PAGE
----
Friday, 1 July 2016

Lingmoor Fell

Crinkle Crags and Bowfell from Lingmoor summit

Thursday, 30 June 2016
Ascent:       498 metres
Distance:    8 kilometres
Time:          2 hours 29 minutes

Lingmoor Fell      504m     1hr 42mins    

Our week in Langdale had been less of a holiday and more of an epilogue for the UK as we knew it. The  referendum decision to leave the EU had unleashed a backlash of frenzied markets, political turmoil and catatonic stupor. The European football championships led to the early departure of the England team for the 20th time in 50 years, which at least provided some semblance of stability. This despite them being the highest paid, and supposedly best prepared, as measured by the cost of their accommodation and support team. The weather was dominated by heavy rain and I was out of action owing to a back injury sustained when rebuilding a stone wall last week.

It was day 5 before I finally ventured into the hills and I chose the nearest one to our accommodation.  Lingmoor Fell is an easy but enjoyable walk from Elterwater although it is ten years since I last visited the summit. I have run up and down it in less than an hour in past years but I had no desire to put too much strain on my back by running today. I met a young couple with their 3 month old baby as I began the walk along the south side of the Great Langdale Beck. I had known the father and held him as a 2 month old baby during our first year in Langdale and seen him most years since. He is now where we were when we started the journey into family life. Their joy at their offspring was infectious and as I left them to continue their walk and began the climb beyond the slate quarry I had forgotten about the politics of despair that had filled the week so far. We had passed the baton of responsibility to the next generation, if only we had not burdened them with the collective selfishness of our generation.

I caught up with another walker as we climbed above the quarry and we fell into friendly conversation. As the gradient increased he told me of his requirement to not let his heart rate exceed 147 bpm owing to a heart condition. It meant we made steady progress with interludes to stop and talk. He was an Emeritus Professor of Psychology and he spoke about the book he was writing on Jean Piaget and developmental epistemology. Its focus was on the origin of knowledge through its development from infancy to adolescence recognising the child as a knower. As a recent grandparent I can certainly go along with this, try arguing with a three year old.

The ascent seemed easy with the gently rising path leading to a gate worn smooth from many hands, a steeper section through the sprouting bracken and then a lovely undulating walk along a wall that defines the ridge to the summit. We related anecdotes from our days in the Lakeland fells as only baby boomers can, we had graduated from the analog days of heavy boots,  cloth maps and anoraks to lightweight gear and GPS watches. Wainwright and Jos Naylor were referenced, favourite walks remembered. We discussed the Kendal mountain festival, and finally broached the subject of the UK and the EU. We both knew each other well enough by this time to know that we would be in agreement on this. We were so deeply immersed in conversation that it was not until the summit that I began to take in the panorama of lakeland views. Les said that Lingmoor Fell was one of his favourite outings as we parted company at the summit. He was making a day of it and walking over the hill to Side Pike, I was heading back down for a lunch break.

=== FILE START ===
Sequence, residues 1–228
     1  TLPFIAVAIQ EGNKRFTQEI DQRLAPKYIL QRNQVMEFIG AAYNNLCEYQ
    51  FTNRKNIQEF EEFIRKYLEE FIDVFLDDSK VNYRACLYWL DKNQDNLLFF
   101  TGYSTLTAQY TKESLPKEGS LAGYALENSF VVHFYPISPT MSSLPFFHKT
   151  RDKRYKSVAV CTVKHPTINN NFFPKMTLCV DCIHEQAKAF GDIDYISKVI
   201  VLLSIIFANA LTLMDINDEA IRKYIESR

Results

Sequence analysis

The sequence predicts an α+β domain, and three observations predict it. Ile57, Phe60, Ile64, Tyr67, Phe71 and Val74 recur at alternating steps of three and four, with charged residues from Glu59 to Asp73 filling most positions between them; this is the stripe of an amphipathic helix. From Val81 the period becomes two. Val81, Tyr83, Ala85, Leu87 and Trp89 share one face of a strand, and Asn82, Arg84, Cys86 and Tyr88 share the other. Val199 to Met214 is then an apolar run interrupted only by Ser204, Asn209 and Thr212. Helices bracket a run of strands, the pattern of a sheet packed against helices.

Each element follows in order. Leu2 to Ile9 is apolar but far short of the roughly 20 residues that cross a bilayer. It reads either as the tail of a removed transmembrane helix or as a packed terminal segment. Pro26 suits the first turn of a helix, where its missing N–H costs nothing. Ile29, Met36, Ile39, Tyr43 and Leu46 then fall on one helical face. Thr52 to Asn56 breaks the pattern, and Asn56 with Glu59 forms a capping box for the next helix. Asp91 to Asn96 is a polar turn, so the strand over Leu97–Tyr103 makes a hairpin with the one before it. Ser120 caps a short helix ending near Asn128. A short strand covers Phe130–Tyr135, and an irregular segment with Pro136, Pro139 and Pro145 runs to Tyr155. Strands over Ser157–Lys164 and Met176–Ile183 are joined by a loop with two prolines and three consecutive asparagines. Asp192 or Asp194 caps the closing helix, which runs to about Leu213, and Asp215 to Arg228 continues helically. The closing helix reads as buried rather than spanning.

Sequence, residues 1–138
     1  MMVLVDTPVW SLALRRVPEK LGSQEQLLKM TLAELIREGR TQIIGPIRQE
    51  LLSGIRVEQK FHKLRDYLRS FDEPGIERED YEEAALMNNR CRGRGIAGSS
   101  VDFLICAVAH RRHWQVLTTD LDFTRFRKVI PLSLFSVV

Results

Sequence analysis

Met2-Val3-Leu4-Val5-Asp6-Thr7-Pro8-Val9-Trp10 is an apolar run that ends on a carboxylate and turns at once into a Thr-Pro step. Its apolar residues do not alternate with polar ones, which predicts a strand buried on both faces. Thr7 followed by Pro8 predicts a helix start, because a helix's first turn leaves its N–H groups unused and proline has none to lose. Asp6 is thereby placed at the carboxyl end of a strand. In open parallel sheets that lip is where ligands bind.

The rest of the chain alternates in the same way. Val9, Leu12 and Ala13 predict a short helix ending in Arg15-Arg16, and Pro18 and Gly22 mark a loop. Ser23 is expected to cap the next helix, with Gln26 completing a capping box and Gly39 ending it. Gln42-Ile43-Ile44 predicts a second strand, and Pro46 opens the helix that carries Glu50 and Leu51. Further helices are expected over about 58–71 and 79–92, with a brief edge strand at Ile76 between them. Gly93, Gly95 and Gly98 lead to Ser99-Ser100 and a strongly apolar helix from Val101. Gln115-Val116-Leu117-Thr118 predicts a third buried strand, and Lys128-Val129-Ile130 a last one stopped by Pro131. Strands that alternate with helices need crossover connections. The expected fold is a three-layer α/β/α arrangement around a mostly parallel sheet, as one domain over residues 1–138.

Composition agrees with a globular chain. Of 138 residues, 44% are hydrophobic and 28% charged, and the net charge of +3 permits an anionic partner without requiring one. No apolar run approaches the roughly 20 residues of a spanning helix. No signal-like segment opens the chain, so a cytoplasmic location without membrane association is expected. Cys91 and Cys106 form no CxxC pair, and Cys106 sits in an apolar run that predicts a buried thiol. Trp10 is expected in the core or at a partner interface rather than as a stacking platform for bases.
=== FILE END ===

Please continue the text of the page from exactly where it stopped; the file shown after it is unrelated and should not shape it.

The day was dry but the skies were cloud filled and there was a pleasant breeze that made for easy walking. The descent was fairly quick, as I passed a woman sitting on a bench she invited me to take a seat. I declined saying that I was hoping to get down for the 1 o' clock news to hear what the latest outcome of the EU vote had thrown up as the UK was in meltdown. Her reply was perfect, "England may rot but the Lake District will always be here." I ventured into the quarry to observe the sheer scale of extraction that had taken place. Burlington Slate is not a cheap material and has been forsaken for cheaper imports from Spain and elsewhere. But the green grey slate is such a fundamental part of the lakeland landscape from farms, houses, footpaths and walls that it is vital to secure the future of quarries such as this. Despite the despoliation of the landscape the quarry is well hidden from the valley with the hillside clothed in oak woodland.

After some lunch we began a second walk, this time around the base of Lingmoor Fell and along the Cumbrian Way. We passed the Baysbrown campsite where we had camped when the children were very young and more recently the London bombers had stayed when training for their onslaught in 2005. We walked on the levee alongside the Great Langdale Beck, its clear water polishing the green-grey slate of the river bed, until reaching the meadow land below the Lansdale Pikes. The return to Chapel Stile on the footpath passed the route signs for the Ultimate Trail Challenge at the weekend. A 110km ultra run might have tempted me twenty years ago but now I am just pleased that there are an increasing number of people prepared to rise to the challenge and enjoy the heartland of the lakes. We headed for the Britannia Inn and I sampled some Jennings Bitter to celebrate the day.

1500ft above sea level and walls built with skills that were hard honed 

Langdale Pikes without the picture box trappings 
Post Brexit England - a glimpse of things to come
Elterwater Quarry
Oak Howe Barn from the Cumbria Way
Great Langdale Beck

Langdale Pikes across the meadow

Great Langdale Beck at Elterwater

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